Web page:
Can Government Be Less Accountable Than Nonprofits?
Mayor Bloomberg’s keynote remarks at the Slate 60 conference a month ago, honoring the nations top givers in 2005, included this statement: “…there’s much greater demand for accountability when using public money. The practical political reality is that you just can’t commit taxpayers’ dollars to a project that hasn’t already been proven to work or to an idea that not everyone agrees is appropriate. But with private dollars and volunteers there is more flexibility to try new things. To experiment. To take risks.”
What knocked me flat in that remark was the direct opposition that Bloomberg sees between accountability and innovation for those who are stewards of public dollars. After my initial recoiling from such a thought I began to believe he was right, insofar as accountability and more accurately, the fear of appearing unaccountable, has stymied investment in new, creative, and sometimes edgy solutions by “established” organizations including government and many foundations. Fear. When what we really need is boatloads of courage.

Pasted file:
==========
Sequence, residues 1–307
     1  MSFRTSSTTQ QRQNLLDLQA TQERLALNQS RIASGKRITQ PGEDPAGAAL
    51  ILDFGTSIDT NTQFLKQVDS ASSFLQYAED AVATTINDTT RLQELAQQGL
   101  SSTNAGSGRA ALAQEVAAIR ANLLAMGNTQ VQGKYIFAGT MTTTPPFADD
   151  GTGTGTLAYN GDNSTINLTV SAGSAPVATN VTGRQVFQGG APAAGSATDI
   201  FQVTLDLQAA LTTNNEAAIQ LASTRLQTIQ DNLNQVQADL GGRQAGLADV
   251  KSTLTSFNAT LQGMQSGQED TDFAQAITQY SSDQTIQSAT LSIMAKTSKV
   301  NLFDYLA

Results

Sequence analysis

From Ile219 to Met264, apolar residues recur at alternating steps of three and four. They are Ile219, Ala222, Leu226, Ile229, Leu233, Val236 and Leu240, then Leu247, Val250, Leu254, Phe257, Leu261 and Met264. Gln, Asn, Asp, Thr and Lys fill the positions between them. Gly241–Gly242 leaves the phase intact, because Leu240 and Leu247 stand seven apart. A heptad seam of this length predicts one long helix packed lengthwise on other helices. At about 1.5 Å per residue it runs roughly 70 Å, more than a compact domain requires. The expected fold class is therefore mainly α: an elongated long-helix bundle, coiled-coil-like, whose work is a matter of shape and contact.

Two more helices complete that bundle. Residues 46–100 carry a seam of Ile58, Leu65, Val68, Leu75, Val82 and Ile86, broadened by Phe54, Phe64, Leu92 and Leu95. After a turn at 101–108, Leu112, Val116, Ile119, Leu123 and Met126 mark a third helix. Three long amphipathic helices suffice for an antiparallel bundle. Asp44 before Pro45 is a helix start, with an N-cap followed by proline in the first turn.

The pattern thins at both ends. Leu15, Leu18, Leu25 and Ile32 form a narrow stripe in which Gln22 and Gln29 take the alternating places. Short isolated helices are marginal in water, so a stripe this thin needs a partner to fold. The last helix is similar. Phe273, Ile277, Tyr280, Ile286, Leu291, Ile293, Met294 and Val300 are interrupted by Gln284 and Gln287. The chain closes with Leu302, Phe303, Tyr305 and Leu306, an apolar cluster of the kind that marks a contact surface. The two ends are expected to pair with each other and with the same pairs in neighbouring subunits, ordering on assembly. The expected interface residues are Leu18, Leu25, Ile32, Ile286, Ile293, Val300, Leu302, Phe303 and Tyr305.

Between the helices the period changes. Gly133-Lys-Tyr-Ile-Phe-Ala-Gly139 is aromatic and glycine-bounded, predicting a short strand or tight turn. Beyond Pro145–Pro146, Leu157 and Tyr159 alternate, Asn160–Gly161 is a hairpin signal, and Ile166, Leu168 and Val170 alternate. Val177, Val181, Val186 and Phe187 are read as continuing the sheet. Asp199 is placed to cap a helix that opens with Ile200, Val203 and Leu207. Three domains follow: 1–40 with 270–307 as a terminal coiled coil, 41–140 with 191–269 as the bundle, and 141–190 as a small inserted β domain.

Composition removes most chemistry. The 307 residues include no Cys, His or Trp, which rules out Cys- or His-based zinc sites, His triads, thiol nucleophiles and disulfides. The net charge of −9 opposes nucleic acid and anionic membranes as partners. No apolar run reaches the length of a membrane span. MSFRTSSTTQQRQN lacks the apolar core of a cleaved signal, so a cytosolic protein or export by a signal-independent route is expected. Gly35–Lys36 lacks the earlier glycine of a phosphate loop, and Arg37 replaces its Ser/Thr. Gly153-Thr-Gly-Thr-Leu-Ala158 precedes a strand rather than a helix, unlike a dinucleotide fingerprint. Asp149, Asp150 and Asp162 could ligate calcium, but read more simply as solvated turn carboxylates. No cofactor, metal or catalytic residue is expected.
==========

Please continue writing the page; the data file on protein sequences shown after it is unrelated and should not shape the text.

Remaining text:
It’s no wonder that a new cadre of philanthropists is emerging, both big and small, to begin to fill the void. Courage. Courage to take matters into our own hands. Courage to find solutions and peers who are fearless.
But taking matters into our own hands isn’t enough. How will all of those individual, great ideas get shared and taken to scale beyond our own communities? The new philanthropists, in addition to finding and supporting the innovative (or just new) solutions, have two more challenges on them: 1) making it clear to our government that accountability, which I argue should really mean the act of maximizing the resources that go toward the implementation of solutions, and impact (the act of improving a situation) are not the same thing and 2) creating (!) and supporting infrastructure among philanthropists, government and foundations so that great ideas find scale and once there, that they get implemented faithfully.